More on Pitch Limits

Youth Forum…what pitch limits do you think certain age groups should be.

8-9?

10-11?

11-13?

or do you think there should be unlimited pitches for each athlete?

I’d like to address this topic from a slightly different approach.

Pitch counts and methods of projecting, stating, qualifying, or anything else that falls within those boundaries are part of, and inclusive, of a much wider purpose. Standing side-by-side are health issues, before and after and appearance, personal life styles, physical condition, nutrition and related qualities of life. Also to consider are a player’s maturity and ability to handle pressure.

In youth baseball, I have found that a generic number usually stands as a benchmark, and is adjusted up or down based on certain things happening or not. I wish I could add to this, but my experience with youth baseball is seriously lacking here.

In any event, a system that would address this subject with the supporting details that I mentioned in my opening paragraph, I think, is far beyond the reach of all youth programs. Parents, legal guardians, amateur coaches and sponsors, just don’t have the resources to employ more than what’s on the ground right now. I would also include all high school programs as well - but then this is an assumption on my part.

Why would I make such an observation?

I would say it’s common for all pitch count system employed by all youth programs, to be the same for a tall, slim, fragile build as it would for a tall, athletic, strong build player of the same age. Also, I would assume a pitch count for a player ten (10) years old coming off the flu from the last five days would be the same as a youngster who has had no such experience. But then again, I’m just assuming. Add to this - mostly high school I guess, a pitcher that has nothing by heat as a inventory would have the same pitch count measure as a pitcher that would have fluff for his/her inventory.

Without any argument from me, I’m sure parents would be the main advocates for managing their son or daughter’s experience, but then again this is an assumption.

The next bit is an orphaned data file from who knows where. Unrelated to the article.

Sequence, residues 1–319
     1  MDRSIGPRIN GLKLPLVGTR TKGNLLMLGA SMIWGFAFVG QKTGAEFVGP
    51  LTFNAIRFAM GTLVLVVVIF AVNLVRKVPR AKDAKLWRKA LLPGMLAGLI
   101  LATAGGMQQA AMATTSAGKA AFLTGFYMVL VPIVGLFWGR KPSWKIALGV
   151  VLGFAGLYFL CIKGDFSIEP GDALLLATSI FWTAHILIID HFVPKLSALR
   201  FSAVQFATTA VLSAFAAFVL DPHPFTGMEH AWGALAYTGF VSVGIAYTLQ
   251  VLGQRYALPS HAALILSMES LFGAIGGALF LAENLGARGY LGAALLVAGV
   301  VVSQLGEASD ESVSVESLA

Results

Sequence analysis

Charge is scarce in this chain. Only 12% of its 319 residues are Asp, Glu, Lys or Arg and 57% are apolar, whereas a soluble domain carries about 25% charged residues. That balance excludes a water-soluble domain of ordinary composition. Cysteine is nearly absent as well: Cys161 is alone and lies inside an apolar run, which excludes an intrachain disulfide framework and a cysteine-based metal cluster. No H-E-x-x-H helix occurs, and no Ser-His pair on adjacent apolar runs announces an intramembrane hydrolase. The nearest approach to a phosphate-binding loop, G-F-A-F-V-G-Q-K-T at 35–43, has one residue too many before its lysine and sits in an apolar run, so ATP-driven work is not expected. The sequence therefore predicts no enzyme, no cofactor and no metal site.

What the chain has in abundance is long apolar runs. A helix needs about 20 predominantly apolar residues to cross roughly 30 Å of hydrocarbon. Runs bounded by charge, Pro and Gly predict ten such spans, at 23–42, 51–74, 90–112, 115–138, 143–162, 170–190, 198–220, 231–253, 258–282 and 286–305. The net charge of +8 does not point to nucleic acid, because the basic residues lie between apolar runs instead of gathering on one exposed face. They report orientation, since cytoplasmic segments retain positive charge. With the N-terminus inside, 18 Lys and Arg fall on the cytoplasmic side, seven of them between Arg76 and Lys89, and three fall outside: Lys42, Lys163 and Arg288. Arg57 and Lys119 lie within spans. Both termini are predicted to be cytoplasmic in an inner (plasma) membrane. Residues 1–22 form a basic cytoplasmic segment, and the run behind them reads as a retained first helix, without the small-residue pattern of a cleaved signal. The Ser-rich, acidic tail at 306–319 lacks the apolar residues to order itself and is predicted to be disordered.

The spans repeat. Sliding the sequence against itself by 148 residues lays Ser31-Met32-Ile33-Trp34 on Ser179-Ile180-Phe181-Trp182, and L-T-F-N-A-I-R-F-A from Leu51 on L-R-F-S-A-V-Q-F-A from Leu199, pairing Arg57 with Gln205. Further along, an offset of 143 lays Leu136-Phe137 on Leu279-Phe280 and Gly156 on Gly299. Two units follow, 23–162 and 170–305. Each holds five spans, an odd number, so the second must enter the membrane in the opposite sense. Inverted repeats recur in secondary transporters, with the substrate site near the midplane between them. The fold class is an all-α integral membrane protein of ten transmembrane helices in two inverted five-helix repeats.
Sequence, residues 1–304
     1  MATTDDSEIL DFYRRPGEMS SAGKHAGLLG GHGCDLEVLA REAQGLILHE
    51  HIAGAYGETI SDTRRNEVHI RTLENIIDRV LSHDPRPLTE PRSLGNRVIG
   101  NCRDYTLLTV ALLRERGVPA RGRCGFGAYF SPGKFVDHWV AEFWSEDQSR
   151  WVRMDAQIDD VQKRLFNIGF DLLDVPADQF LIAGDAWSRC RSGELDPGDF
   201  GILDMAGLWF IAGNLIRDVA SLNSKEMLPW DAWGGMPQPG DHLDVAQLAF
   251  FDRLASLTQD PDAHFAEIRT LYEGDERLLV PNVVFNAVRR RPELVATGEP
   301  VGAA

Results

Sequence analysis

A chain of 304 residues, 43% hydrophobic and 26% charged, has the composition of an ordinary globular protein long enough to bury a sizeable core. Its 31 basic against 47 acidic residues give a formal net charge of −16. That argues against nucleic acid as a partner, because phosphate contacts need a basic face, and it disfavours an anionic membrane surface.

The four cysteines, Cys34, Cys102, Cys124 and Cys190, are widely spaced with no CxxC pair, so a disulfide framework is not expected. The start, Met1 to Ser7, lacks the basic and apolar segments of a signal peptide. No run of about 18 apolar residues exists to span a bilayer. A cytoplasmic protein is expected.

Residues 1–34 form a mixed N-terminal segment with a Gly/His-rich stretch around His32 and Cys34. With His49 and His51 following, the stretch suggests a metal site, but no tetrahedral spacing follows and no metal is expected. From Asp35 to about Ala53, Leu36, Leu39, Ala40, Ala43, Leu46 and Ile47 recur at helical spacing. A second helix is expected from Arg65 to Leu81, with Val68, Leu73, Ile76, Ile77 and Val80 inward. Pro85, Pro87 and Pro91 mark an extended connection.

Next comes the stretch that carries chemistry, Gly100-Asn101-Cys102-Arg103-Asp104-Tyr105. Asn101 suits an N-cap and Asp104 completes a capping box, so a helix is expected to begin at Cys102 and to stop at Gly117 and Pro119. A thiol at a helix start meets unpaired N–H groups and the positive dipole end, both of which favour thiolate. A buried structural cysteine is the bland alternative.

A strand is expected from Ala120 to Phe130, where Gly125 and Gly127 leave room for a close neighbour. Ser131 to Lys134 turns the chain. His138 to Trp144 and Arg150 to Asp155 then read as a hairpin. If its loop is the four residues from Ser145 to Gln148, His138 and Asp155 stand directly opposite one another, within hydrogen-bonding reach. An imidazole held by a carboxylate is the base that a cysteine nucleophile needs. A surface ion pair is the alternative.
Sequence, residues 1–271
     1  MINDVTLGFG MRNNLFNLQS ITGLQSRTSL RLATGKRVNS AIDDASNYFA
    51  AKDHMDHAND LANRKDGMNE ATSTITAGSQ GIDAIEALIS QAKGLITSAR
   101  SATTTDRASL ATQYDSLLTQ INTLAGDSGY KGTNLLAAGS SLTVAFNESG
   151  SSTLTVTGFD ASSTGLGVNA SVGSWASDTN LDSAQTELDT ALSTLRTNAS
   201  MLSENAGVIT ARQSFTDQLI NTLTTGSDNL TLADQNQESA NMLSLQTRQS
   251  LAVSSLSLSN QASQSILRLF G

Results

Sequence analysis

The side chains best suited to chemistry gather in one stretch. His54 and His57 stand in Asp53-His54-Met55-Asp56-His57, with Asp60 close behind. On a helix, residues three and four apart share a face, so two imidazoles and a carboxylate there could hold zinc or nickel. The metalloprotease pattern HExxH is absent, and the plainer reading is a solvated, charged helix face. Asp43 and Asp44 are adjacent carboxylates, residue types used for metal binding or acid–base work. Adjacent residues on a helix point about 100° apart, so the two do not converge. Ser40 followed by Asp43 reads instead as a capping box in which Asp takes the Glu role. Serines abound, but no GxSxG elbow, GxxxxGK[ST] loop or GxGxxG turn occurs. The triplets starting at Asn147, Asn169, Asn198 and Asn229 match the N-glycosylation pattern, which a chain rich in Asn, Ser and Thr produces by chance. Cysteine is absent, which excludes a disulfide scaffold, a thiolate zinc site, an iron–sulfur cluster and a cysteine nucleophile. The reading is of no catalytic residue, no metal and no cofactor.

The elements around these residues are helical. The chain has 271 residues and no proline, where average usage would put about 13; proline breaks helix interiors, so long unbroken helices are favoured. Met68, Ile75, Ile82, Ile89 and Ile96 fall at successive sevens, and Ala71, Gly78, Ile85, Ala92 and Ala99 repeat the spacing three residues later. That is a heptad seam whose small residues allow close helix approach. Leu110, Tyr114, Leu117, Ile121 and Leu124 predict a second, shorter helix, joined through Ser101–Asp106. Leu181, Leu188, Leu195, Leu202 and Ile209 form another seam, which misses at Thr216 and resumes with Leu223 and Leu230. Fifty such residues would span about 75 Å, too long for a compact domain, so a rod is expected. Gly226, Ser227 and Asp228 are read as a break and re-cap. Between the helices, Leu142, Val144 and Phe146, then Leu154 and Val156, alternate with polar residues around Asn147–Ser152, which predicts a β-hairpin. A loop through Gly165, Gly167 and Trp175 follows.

I’ve been asked this question over the years by parents, especially after a good showing and therein an interest in pursuing the pitcher’s position. When I start to talk about growth plates, stress and demand loads, nutrition and sleep disciplines, etc., etc., I usually get a …”oh, ahaaa…thanks coach … we’ve got to get going, but nice talking to you…”

For the amateur youth game I guess some sort of measure that limits a youngster’s exposure to injury is necessary. Beyond that, I assume that those involved in youth baseball do there best with what they’ve got.

As far as a number addressing the question with respect to limits, I’ll leave that to those that know the youth game a lot better than I.

Coach B.

Very thoughtful musings, Coach B. It’s little wonder that your community wanted you to coach youth players, even though you always say the youth amateur game is outside of your personal strength.

re: “For the amateur youth game I guess some sort of measure that limits a youngster’s exposure to injury is necessary.”

I think that statement hits the nail on the head. There is really no such thing as a universally sensible “one-size-fits-all” approach to pitch count limitations for any particular age-group; however, it is probably very sensible to take pitch count decisions for kids out of the hands of amateur coaches. There is so much variability in the abilities and attitudes of youth coaches that a “one-size-fits-all” approach that is mandated by youth leagues may be effective in protecting kids from over-use abuses by the worst end of the coaching spectrum.

Ahaaa… that’s what I wanted to say, crisp and to the point.

See, now there’s experience over assumption.

Coach B.

The biggest problem with pitch count limits is that most people totally misunderstand what they’re intended to do, and what they do do.

They aren’t intended to be a cure-all for anything! All they are is an easy way to do what laflippin alluded to, that being to remove decisions for when to remove players from a game period, not just by determining pitch count limits, and not from just amateur coaches.

There’s a lot of complaining and whining from coaches who say they don’t need limits because they KNOW how to judge when to take out a player. The trouble is, the percentage of coaches who truly possess that kind of knowledge are present at the different levels in different percentages. I.e, of all 12U rec coaches, the percentage of ones who have the knowledge is not as high as the percentage who coach 12U ball where there are tryouts. That’s because the coaches at that level are generally more experienced. The same thing happens in each succeeding level as well. The end result is, with the issue completely out of the coach’s hands, its just one less thing to worry about.